Saudi Arabia, the region’s biggest player, has perhaps the most challenging balancing act to maintain between Russia and the West. Riyadh has so far been careful not to take a position on the war, even indirectly; for example, citing the need to preserve the production agreement among OPEC and non-OPEC countries in the OPEC+ deal, it refused President Biden’s call to pump more oil as prices jumped past the $100 per barrel mark after the Russian invasion of Ukraine. Bloomberg has even suggested that if the war creates any winners, one of them will be Saudi Arabia, which can benefit from a drop in competition to its reliable oil supply. At the same time, along with crucial energy markets, U.S. policies under the Biden administration towards Riyadh and its leadership influenced the Saudi balancing act.
Past Aggressions, Current Sympathies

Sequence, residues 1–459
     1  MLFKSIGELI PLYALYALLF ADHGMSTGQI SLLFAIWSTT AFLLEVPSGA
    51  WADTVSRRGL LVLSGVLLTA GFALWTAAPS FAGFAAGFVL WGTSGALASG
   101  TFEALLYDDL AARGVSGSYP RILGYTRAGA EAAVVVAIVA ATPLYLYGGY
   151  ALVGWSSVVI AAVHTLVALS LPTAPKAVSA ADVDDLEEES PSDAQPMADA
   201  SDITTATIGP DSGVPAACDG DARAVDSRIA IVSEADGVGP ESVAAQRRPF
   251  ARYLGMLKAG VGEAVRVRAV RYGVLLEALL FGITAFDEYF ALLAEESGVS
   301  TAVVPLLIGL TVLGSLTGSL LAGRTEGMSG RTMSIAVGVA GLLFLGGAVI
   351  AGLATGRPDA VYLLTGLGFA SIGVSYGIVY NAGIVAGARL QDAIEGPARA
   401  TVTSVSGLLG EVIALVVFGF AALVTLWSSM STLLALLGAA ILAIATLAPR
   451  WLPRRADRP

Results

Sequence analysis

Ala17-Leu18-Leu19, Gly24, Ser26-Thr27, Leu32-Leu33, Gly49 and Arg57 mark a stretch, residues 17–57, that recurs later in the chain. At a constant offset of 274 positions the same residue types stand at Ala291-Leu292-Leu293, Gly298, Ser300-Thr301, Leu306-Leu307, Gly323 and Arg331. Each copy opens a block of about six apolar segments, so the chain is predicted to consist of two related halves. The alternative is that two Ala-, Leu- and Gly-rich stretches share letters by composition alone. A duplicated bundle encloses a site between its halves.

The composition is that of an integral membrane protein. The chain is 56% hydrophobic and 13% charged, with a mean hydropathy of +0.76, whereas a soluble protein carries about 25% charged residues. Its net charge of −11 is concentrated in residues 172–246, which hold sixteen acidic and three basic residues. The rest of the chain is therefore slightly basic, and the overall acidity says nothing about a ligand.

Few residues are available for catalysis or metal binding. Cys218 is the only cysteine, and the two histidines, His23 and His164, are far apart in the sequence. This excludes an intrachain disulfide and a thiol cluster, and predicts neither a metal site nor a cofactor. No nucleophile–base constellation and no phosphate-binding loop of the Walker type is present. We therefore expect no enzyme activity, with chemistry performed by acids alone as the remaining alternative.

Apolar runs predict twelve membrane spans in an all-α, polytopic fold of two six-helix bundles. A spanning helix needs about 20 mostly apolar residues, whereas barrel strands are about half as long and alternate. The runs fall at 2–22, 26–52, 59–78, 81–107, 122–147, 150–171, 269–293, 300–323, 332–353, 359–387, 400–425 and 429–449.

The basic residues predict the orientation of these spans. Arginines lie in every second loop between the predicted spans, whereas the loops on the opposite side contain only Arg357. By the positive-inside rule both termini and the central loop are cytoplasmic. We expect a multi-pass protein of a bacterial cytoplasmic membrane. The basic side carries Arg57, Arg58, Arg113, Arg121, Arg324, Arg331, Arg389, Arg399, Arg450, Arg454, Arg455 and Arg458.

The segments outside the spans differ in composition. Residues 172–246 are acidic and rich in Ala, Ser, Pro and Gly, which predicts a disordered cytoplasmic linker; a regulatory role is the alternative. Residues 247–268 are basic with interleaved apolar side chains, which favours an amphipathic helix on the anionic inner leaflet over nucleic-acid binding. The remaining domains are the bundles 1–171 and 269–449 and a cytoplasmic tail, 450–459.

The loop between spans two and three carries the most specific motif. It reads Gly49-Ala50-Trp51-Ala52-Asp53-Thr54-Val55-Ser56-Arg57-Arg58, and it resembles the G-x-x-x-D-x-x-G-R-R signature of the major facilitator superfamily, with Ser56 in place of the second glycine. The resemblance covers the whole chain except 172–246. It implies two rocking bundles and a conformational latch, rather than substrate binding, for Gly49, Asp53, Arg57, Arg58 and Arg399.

By contrast, Kuwait’s position on the Russian invasion has been very clear – perhaps unsurprising considering its own historical experience. On February 24, the day of the invasion, the state of Kuwait underlined the importance of respecting the independence and sovereignty of Ukraine and categorically rejected the “use, threat to use, or displaying of force” in conducting relations among countries. Such a statement draws an implicit parallel between Ukraine’s experience in February 2022 and Kuwait’s in August 1990, when Iraqi dictator Saddam Hussein ordered his army to invade Kuwait. At the same time, a different analogy with the past can be made: as one of the five permanent members of the UN Security Council, the Soviet Union played an important role in the adoption of resolutions demanding that Iraq immediately withdraw its troops from Kuwait and recognize its independence and sovereignty. At the time, not only Kuwait, but all its GCC partners appreciated the principled position of the USSR. Saudi Arabia restored diplomatic contacts with Russia in that period and facilitated Moscow’s establishment of relations with Bahrain. In general, while other Gulf states remained in the Western bloc during the Cold War, Kuwait, with which the Soviets concluded an agreement to establish diplomatic ties in March 1963, remained the most receptive of all the GCC states to Moscow’s interests.